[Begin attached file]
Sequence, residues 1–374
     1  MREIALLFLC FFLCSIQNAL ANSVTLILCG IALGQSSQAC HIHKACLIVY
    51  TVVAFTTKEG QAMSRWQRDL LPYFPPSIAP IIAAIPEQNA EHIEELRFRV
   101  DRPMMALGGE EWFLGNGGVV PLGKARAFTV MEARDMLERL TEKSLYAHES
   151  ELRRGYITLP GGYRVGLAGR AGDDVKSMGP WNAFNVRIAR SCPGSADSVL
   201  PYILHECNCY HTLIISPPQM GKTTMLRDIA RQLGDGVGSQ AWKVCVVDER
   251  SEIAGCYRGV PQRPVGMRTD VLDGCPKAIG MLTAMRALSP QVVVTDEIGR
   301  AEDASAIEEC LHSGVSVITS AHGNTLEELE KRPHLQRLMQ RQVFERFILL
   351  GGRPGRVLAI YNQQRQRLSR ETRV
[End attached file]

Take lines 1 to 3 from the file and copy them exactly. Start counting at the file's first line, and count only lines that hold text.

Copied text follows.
Sequence, residues 1–374
     1  MREIALLFLC FFLCSIQNAL ANSVTLILCG IALGQSSQAC HIHKACLIVY
    51  TVVAFTTKEG QAMSRWQRDL LPYFPPSIAP IIAAIPEQNA EHIEELRFRV